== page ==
Alum Spotlight: Vaughn Kimmons

VKimmons

As we start up the latest Wholistic Nutrition Program group, it’s a great time to reach out to our alumni to see what they are up to. It never ceases to amaze us to learn about the variety of interests and passions our students/alumni pursue alongside nutrition. Vaughn Kimmons (WNP3 Alum) is a great example. She reminds us that wellness is created and nurtured in a multitude of ways, from wholistic nutrition to creative expression.

You graduated from the program in May 2015, what have you been up to since then? 

Since graduating, I’ve sincerely been thinking about how I can positively impact my community. When I say “my community”, I’m referring to people of African descent in the U.S. I attended The Wellspring School because I feel it is my duty to gather knowledge in order to teach. I believe that our purpose as humans is to help others progress. I set out to take the knowledge I gained and share it with individuals in my predominately Black neighborhood back in my hometown of Chicago. I saw what the lack of proper information on health was doing to my community and I wanted to dismantle the mis-education so others could have a second chance at life. A chance to take control and self-heal. Diabetes and heart disease are not my heritage or birthright. I wanted to teach my community that very thing.

Now, that I’ve graduated, the mission hasn’t changed but the methods have. I am not practicing nutrition, save for the friends and family who want a few tips and suggestions, but my mission is still wellness. My creativity is what fuels my mission now. Currently I am working on projects here in Portland that highlight Black self-expression. Depression in the Black community is often dismissed and is sometimes viewed as taboo within our community, so allowing Black people the opportunity to convey their own stories and express themselves in a voice that is their own is imperative. The tense climate of our society has left Black people feeling fed up, tired, frustrated, intimidated, misunderstood, disrespected, and hated among other things. This can often lead to apathy and depression. One way to combat this is by letting people live and tell their truths. Black Portlanders are able to do this via a monthly celebration here in Portland that is a prioritized space for Black people. This event is hosted by a creative collective of which I am a member. It’s called YGB, which stands for young, gifted and Black. In this space, Black people have the opportunity to fellowship with one another in a town that has left the Black community disjointed and displaced. The joy we see on the faces of participants is reaffirming that we’re on the right path. I also have other creative projects in the works which seek to tell the various stories of Black people. Seeing our reflection in the world can help make us feel whole.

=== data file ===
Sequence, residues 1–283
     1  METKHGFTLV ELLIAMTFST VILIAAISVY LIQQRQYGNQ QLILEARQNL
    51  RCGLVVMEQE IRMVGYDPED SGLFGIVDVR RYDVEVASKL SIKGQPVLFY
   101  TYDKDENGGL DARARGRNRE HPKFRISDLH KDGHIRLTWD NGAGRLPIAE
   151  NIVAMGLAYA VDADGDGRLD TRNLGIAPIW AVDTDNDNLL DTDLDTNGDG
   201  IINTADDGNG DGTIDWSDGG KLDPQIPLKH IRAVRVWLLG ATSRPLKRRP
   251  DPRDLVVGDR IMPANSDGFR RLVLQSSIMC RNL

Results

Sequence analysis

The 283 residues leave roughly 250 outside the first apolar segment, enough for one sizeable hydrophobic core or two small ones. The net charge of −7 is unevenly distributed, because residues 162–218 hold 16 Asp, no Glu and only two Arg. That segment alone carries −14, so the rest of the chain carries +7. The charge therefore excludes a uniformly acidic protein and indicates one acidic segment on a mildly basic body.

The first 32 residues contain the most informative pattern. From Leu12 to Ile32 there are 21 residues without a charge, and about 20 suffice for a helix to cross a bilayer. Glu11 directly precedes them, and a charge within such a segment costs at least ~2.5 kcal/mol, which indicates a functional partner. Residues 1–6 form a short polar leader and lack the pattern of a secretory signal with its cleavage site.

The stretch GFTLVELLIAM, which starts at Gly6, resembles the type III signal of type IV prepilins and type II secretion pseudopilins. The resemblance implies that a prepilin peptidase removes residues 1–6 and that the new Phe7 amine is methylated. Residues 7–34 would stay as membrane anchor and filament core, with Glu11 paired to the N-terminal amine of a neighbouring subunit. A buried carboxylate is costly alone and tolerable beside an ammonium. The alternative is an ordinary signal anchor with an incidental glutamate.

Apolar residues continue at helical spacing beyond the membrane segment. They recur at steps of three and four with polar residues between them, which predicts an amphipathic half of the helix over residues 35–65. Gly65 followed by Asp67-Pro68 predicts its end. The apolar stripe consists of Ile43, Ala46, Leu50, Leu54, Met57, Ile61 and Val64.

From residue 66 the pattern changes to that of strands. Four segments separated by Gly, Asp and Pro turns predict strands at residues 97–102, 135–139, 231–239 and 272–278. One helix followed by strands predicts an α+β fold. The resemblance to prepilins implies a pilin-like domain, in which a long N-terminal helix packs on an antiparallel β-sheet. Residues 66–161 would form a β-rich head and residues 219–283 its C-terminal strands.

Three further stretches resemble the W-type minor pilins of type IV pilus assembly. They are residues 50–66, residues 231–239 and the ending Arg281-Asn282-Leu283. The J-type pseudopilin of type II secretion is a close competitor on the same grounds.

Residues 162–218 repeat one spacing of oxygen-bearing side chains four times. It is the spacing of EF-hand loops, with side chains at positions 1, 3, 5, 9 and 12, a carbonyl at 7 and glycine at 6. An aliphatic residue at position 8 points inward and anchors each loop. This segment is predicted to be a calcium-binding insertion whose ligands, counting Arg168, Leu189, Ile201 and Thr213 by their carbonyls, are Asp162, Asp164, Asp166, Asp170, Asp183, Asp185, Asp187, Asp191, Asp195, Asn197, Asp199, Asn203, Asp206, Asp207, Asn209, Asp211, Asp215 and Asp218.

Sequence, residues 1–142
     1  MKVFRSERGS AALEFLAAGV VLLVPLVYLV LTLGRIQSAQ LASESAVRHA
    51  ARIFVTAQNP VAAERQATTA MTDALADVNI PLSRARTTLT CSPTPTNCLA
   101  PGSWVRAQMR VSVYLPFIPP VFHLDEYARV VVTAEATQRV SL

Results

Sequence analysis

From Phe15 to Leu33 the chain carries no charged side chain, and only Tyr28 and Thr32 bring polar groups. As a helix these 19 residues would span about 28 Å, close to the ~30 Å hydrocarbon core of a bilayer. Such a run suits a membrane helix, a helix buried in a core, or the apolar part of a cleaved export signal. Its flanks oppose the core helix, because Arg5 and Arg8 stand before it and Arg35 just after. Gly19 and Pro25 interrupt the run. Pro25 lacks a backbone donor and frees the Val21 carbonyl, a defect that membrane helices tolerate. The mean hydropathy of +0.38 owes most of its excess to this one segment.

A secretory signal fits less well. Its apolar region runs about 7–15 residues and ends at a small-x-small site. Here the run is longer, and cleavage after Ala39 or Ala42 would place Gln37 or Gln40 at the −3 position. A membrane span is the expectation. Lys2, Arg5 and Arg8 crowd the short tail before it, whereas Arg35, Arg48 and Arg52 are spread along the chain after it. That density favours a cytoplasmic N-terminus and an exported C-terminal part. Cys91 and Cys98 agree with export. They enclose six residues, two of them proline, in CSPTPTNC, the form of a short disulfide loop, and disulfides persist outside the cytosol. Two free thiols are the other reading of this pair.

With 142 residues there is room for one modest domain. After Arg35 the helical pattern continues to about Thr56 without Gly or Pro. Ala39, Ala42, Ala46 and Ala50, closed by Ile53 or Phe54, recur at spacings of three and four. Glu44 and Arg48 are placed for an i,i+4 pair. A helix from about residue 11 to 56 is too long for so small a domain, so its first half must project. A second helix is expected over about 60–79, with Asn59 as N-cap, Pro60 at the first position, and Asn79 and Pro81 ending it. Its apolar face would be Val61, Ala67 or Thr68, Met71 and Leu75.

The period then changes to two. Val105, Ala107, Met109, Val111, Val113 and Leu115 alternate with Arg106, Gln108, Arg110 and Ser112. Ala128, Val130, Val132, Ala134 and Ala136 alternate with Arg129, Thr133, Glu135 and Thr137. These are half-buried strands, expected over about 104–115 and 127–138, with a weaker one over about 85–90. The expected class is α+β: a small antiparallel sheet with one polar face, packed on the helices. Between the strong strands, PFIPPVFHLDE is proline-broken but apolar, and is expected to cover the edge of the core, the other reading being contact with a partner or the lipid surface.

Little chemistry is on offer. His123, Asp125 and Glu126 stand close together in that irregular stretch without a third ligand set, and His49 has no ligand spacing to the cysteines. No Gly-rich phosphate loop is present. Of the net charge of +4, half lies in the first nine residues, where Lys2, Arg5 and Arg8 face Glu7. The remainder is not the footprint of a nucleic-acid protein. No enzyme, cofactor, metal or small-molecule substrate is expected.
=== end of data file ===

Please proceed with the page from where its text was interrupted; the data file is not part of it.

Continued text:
You focused your community project on getting in touch with your roots (as they relate to nutrition) and encouraging others to do the same.  Have you continued working with this passion?

Yes, I definitely have. As I said before, it’s not nutrition related but my passion is all about wellness. In addition to the YGB celebration, I also host an event called Sankofa. Sankofa is an Akan term from Ghana in West Africa and it translates as, “reach back and get it”. This concept explains that we must know our past to move forward and progress. We must take the knowledge from our ancestors and use those lessons to make the best future. We must reach back and grab our pride, our self worth, our dignity. So many myths are spread about people of African descent and I feel I’ve been put on this planet to dismantle those lies! Our event, Sankofa, seeks to highlight the influence of Africa on Black self expression via the arts. Sankofa is a showcase of local musicians, artists, dancers and other creatives who convey the diversity of Africa. Africa is more than just traditional music, it is R&B and soul music, it is the martial art capoeira, it is spoken word and breakdancing. It is so much more! We wanna celebrate all that beauty!

 

Any words of advice to prospective and incoming students who are just getting into the field of Wholistic Nutrition?

I would encourage prospective and incoming students to study with love. Studying with love is envisioning your goal, setting up plans to achieve that goal, but at the same time staying conscious of why you’re on the path. Remember what you’re studying for. One can easily say that they’re attending school just for self, but even in healing self we have the power to heal others. Our positive vibrations trickle to the next soul over. Love is the key.

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Thank you, Vaughn! We wish you all the best!

1 Comment

  1. Parimita Mohanty on March 11, 2016 at 3:40 pm

    Dear Vaughn,

    You have shared a very heart touching story. I got tears in my eyes as I keep reading it to the bottom. My story is somewhat like you in a way. Whatever I have learned in school has changed my life not just in nutrition or how to eat good food or having a vision to find a job or do something in that feild but much bigger than that. It has helped me to love people more, care for others more, to reach out talking to strangers everywhere I go. This program has taught me how to be a better person on earth, loving our universal brothers and sisters. It has given me a voice to share my love ,spirituality and humanity on earth. I am so grateful for this practice.
    I am wishing you all positive vibes when you walk more on the path of love and humanity.
    With Love,
    Parimita♡

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